Configure Passwordless SSH Logins between Linux servers - CentLinux


Saturday, 2 April 2016

Configure Passwordless SSH Logins between Linux servers

Configure Passwordless SSH Logins between Linux serversDuring automation of one server backups to another server known as, offsite backup, our transfer scripts get stuck at the password prompt during the execution of the copy/transfer commands, and the script remains stuck at the password prompt and do not execute any further until a password is provided. Although, it can be overcome by saving the passwords in the scripts, but it is not a recommended practice to save your password in clear text format.

Fortunately, there is a relatively better solution to this problem. We can use the RSA public key based authentication to setup passwordless logins among two or more servers.

In this article, we will configure passwordless authentication between a Linux and a Ubuntu servers.


System Specification:

The machine on which we want to login without password.

Hostname: backupserver.test.local
IP Address:
Operating System: Ubuntu 14.04 LTS Server
Username: backupadm

The machine from which we want to login to backupserver.

Hostname: dbserver.test.local
IP Address:
Operating System: CentOS 6.5 Server
Username: oracle


Configure Passwordless Authentication:

Connect to dbserver and generates a RSA public key without any passphrase.

[oracle@dbserver ~]$ ssh-keygen -t rsa
Generating public/private rsa key pair.
Enter file in which to save the key (/home/oracle/.ssh/id_rsa):
Created directory '/home/oracle/.ssh'.
Enter passphrase (empty for no passphrase):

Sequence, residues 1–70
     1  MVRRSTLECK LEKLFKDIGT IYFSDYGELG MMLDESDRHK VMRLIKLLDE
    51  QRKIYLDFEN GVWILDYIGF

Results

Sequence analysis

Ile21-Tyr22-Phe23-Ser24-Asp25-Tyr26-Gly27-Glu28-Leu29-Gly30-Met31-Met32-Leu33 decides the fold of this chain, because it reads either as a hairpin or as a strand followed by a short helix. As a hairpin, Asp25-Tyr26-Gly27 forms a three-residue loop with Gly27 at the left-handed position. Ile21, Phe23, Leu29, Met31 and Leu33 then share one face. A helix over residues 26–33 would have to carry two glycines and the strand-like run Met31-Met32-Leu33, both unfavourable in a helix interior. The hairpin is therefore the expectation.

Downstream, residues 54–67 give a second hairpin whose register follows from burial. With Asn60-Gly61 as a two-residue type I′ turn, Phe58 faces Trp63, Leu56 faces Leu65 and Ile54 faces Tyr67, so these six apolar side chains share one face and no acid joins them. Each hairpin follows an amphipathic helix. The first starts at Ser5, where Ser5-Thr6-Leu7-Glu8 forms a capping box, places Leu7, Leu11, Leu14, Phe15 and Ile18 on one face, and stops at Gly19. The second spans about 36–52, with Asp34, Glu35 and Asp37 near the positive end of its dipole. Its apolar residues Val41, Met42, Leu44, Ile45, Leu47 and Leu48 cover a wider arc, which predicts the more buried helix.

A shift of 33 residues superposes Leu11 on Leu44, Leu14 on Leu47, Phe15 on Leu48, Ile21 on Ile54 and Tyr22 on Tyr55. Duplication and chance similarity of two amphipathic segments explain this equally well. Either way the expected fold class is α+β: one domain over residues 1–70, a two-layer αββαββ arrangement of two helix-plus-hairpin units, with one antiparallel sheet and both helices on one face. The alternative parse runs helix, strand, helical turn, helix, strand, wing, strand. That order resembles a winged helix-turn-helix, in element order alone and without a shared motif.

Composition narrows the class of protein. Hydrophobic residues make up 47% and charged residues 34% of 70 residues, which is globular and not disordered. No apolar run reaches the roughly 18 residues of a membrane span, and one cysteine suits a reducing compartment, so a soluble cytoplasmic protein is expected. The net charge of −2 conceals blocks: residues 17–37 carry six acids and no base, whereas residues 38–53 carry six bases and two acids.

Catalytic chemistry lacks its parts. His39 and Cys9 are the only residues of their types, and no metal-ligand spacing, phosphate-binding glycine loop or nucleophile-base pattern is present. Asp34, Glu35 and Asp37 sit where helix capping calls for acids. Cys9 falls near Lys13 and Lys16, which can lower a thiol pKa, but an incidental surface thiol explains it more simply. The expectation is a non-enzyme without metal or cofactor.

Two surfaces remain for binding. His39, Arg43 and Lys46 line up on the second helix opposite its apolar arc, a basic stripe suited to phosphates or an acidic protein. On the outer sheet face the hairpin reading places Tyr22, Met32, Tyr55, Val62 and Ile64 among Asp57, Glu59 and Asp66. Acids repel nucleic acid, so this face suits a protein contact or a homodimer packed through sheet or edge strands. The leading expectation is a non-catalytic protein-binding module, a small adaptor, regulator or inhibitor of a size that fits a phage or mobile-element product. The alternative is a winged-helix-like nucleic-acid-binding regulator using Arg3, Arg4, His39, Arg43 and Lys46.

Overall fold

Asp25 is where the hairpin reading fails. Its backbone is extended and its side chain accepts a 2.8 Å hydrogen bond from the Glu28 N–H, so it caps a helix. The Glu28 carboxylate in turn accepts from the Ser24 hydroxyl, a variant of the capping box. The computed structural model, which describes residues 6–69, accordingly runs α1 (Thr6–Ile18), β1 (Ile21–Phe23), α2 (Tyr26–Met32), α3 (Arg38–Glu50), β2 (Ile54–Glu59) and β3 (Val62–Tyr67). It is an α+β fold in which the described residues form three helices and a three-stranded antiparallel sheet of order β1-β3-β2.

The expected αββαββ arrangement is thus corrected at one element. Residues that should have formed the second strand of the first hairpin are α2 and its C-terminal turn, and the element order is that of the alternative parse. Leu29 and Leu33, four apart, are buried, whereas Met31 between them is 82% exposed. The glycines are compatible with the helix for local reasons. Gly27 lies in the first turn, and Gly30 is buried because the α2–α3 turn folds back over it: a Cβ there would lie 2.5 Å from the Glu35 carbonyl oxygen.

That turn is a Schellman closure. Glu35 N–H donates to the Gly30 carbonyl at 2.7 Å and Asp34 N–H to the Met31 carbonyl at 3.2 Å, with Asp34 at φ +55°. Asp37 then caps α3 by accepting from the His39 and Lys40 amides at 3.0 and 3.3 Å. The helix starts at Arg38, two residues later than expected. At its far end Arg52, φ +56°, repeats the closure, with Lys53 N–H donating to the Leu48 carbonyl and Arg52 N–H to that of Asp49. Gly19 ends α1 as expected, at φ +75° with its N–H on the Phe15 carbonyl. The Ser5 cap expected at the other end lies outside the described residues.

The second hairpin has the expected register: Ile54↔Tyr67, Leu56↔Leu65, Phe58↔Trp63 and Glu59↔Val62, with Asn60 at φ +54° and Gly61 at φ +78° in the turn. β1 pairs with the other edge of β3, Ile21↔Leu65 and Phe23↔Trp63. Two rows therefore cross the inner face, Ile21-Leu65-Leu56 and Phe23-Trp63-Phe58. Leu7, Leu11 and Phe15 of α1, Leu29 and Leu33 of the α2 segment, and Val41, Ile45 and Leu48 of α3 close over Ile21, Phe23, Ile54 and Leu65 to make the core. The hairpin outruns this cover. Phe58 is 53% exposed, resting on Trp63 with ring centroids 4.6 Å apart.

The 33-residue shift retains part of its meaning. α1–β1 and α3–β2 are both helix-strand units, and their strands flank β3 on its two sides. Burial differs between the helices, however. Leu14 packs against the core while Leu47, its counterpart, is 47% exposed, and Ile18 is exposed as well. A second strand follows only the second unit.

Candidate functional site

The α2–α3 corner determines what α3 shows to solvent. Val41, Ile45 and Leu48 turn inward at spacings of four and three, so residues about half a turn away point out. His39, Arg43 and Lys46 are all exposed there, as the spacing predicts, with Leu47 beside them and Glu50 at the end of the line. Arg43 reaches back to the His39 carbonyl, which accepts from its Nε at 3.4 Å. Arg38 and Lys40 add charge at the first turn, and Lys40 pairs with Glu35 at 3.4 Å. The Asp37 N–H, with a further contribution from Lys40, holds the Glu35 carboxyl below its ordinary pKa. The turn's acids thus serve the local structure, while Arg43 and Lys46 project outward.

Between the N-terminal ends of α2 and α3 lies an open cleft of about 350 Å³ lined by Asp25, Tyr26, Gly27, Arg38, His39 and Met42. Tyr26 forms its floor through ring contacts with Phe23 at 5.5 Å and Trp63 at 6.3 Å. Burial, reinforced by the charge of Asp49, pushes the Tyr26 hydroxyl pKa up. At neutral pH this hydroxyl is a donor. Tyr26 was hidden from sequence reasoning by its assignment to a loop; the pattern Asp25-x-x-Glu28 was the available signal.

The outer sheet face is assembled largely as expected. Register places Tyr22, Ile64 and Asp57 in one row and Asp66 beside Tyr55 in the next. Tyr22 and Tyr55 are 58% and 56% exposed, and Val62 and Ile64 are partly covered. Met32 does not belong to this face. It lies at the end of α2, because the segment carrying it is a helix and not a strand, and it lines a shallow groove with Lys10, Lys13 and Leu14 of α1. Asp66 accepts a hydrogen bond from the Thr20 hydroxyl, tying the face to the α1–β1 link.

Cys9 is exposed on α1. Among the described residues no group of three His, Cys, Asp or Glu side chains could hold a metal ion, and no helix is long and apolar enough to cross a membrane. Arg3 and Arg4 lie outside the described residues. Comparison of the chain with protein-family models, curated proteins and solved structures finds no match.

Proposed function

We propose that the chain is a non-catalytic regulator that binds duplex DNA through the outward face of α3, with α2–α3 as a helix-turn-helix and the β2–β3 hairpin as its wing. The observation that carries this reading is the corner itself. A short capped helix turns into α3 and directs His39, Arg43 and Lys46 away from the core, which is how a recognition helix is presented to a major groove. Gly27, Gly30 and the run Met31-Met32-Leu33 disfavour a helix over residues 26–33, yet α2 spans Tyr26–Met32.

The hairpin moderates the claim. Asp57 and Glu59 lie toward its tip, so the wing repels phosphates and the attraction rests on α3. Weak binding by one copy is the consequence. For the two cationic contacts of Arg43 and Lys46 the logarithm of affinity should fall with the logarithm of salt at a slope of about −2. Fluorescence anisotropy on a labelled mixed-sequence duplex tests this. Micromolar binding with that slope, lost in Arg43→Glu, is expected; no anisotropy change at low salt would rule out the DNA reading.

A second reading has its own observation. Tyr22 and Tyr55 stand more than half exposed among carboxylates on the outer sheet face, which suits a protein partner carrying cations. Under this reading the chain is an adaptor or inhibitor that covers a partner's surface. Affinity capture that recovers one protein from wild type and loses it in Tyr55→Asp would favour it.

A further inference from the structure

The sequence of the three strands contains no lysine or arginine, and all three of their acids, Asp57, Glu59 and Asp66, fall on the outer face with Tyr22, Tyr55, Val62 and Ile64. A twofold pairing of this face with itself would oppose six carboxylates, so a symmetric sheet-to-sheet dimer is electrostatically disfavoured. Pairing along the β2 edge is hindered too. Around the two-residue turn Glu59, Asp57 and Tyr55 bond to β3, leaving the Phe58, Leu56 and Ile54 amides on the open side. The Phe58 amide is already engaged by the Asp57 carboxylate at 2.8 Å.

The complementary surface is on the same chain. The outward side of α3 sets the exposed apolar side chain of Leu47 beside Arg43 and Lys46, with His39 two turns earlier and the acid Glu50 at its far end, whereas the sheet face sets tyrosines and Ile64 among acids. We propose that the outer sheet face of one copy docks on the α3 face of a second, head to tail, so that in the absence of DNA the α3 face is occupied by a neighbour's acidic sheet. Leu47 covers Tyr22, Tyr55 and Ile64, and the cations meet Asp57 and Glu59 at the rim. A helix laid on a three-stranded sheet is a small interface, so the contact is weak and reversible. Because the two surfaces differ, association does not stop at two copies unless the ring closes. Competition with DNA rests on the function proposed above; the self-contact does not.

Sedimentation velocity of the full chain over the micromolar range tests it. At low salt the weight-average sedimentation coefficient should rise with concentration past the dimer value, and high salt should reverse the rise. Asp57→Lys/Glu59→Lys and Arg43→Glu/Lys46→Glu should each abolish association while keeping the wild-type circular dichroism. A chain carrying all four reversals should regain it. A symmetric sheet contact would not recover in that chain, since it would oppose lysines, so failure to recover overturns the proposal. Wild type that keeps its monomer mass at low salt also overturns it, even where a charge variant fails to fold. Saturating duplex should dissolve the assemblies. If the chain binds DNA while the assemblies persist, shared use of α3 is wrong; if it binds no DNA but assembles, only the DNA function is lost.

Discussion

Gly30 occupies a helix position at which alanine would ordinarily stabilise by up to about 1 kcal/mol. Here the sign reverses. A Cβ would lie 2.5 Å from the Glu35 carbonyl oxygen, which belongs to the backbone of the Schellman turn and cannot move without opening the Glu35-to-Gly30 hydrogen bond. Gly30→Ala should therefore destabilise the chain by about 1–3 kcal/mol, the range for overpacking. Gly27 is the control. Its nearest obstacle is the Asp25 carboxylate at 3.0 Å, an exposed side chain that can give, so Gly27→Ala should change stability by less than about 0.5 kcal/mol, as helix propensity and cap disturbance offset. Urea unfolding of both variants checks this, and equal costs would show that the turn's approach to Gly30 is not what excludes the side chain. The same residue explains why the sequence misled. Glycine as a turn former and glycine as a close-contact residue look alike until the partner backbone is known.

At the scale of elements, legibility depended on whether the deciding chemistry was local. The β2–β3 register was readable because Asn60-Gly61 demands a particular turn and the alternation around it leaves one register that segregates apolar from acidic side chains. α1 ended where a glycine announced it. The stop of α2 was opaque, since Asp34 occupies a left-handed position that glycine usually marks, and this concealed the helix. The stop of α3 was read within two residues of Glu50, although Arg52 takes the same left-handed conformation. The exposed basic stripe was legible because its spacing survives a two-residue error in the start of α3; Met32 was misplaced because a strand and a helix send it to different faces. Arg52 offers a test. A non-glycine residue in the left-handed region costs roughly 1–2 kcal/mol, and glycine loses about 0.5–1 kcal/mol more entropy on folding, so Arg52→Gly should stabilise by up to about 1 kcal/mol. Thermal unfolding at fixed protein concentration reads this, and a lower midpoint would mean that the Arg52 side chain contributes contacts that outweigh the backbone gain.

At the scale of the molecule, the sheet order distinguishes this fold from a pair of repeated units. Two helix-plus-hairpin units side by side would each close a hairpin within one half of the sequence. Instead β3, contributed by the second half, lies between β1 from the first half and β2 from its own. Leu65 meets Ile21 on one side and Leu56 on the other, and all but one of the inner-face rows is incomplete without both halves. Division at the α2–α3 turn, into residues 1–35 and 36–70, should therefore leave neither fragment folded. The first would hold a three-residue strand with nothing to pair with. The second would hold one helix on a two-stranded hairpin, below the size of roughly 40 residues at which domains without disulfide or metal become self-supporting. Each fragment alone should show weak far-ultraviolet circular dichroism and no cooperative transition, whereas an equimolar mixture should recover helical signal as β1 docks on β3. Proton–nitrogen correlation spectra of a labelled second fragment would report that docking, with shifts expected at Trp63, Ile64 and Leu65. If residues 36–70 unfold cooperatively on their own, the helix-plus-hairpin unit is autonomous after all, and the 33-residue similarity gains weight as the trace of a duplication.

Enter same passphrase again:
Your identification has been saved in /home/oracle/.ssh/id_rsa.
Your public key has been saved in /home/oracle/.ssh/
The key fingerprint is:
ca:2a:87:fc:7b:98:ae:d7:95:b3:35:b3:36:89:db:b4 oracle@dbserver.test.local
The key's randomart image is:
+--[ RSA 2048]----+
|                 |
|                 |
|                 |
|                 |
|        S.       |
|     . .+ +      |
| . . +o. =.=     |
|  + =.o oo=.     |
|  .B=o  .oE.     |
[oracle@dbserver ~]$

Above command generates two files in the ~/.ssh directory. Transfer the generated RSA public key file to backupserver.

[oracle@dbserver ~]$ scp .ssh/ backupadm@backupserver:/home/backupadm/.ssh/rsa_dbserver_oracle
The authenticity of host 'backupserver (backupserver)' can't be established.
RSA key fingerprint is a2:38:20:d9:f6:93:04:fe:e5:09:cc:5d:b5:9a:7c:4c.
Are you sure you want to continue connecting (yes/no)? yes
Warning: Permanently added 'backupserver' (RSA) to the list of known hosts.
backupadm@backupserver's password:                                                           100%  409     0.4KB/s   00:00
[oracle@dbserver ~]$

Now, Connect to backupserver and merge rsa_dbserver_oracle into ~/.ssh/authorized_keys.

backupadm@backupserver:~$ cd .ssh
backupadm@backupserver:~/.ssh$ cat rsa_dbserver_oracle >> authorized_keys

Connect to dbserver and try to connect with backupserver.

[oracle@dbserver ~]$ ssh backupadm@backupserver
Welcome to Ubuntu 14.04 LTS (GNU/Linux 3.13.0-24-generic x86_64)
* Documentation:
  System information as of Sat Apr  2 21:10:02 PKT 2016
  System load:  0.02              Processes:           246
  Usage of /:   3.6% of 36.54GB   Users logged in:     1
  Memory usage: 16%               IP address for eth0:
  Swap usage:   0%
  Graph this data and manage this system at:
Last login: Sat Apr  2 20:26:45 2016 from dbserver

Passwordless SSH logins between Linux servers has been configured. Now our scripts do not stuck at password prompt.


  1. Most important thing for installing cluster systems, Thanks for sharing.

    1. You are Welcome.
      Indeed you have made the first comment to my blog :). Thanks.